When you put your money in a bank or savings account, the financial institution will use it to invest in the market or lend to others, allowing them to grow their money. Something roughly similar happens when you stake: The money will go into a staking pool, which the protocol uses to help verify transactions.

This happens through a proof-of-stake mechanism, which is the very thing that allows crypto protocols to remain decentralized yet still secure for making payments. When someone makes a transaction a new block is added to the blockchain—but first, the block must be validated. Instead of a central authority playing this role, cryptocurrency protocols rely on “nodes” in their network to keep everything secure and legitimate. The process used is known as a consensus mechanism, because it involves multiple nodes coming to a consensus about a transaction’s validity.

In proof-of-stake, nodes effectively bet their cryptocurrency on whether a transaction is valid or invalid. If they make the right decision, they’ll receive a reward (or, if they’re incorrect, they’ll get a penalty). 

However, participating in staking doesn’t mean that you have to make this decision yourself—most of the time, your money will just be put into a staking pool and used by a validator. Becoming a validator requires specific knowledge and equipment, as well as a significant upfront investment (in Ethereum 2.0, you’ll need at least 32 ETH to get started).

Proof-of-stake vs. proof-of-work

Not every crypto protocol uses proof-of-stake to verify its transactions, and this is where bitcoin returns to the discussion. Bitcoin uses a proof-of-work mechanism instead, which means miners have to compete to find the answers to cryptographic puzzles, which increase in difficulty over time. They receive rewards in return for this.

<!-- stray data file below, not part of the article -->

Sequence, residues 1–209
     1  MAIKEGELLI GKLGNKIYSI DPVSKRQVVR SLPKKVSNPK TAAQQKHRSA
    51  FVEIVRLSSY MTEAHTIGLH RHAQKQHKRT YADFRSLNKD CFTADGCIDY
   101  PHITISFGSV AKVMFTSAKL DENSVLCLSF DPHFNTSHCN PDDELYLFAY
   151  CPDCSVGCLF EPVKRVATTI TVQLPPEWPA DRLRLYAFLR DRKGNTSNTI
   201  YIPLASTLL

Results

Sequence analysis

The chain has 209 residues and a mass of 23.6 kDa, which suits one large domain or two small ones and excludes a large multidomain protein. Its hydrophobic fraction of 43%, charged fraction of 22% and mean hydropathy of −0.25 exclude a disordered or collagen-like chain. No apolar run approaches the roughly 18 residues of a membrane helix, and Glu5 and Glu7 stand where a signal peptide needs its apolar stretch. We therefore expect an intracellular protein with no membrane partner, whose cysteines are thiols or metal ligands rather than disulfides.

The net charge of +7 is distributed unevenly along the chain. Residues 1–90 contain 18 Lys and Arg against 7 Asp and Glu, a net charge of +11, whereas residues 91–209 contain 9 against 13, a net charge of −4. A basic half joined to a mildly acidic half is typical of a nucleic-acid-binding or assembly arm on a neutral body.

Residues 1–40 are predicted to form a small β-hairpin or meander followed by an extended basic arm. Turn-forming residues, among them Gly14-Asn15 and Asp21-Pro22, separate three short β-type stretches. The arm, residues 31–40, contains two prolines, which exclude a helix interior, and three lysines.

You can’t stake all cryptocurrencies, and the reason why goes back to their consensus mechanisms.
You can’t stake all cryptocurrencies, and the reason why goes back to their consensus mechanisms. (Source: Unsplash)

The problem with this process is its reliance on increasingly powerful computers, which are needed to solve the puzzles. This is why bitcoin has been criticized so much for environmental problems, and why proof-of-work also tends to be a lot slower and less efficient. 

Meanwhile, proof of stake boasts faster transaction times and lower fees.

Ethereum also used to use a proof-of-work protocol, but it’s currently transitioning over to proof-of-stake as part of Ethereum 2.0, which aims to overcome the inefficiencies and high gas fees of its initial form.

So, staking isn’t just about making money—you’ll also be playing a vital role in keeping blockchain protocols secure and efficient.

Get started with our MCT token

Staking crypto is the perfect way of maximizing your profits if you believe in a cryptocurrency project enough to stick around for a while. Plus, you can sleep easy knowing that you’re also helping promising protocols to thrive and advance.

At MyConstant, we’ve recently launched our own crypto, and it’s perfect for those who want to access various aspects of the blockchain world all from one place. MCT token allows you to perform all kinds of financial transactions with one convenient token, from trading to borrowing to switching between cryptocurrencies. Plus, you can earn free MCT on MyConstant Airdrop.

Other benefits of our platform include:

  • 24/7 customer service.
  • Returns up to 14% APY.
  • Borrow from 6% APR.
  • Free withdrawals.
  • Staking for voting rights.
  • Store and borrow against over 70+ different cryptocurrencies.

Sound interesting? Sign up for a free account today.

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George Schooling

George Schooling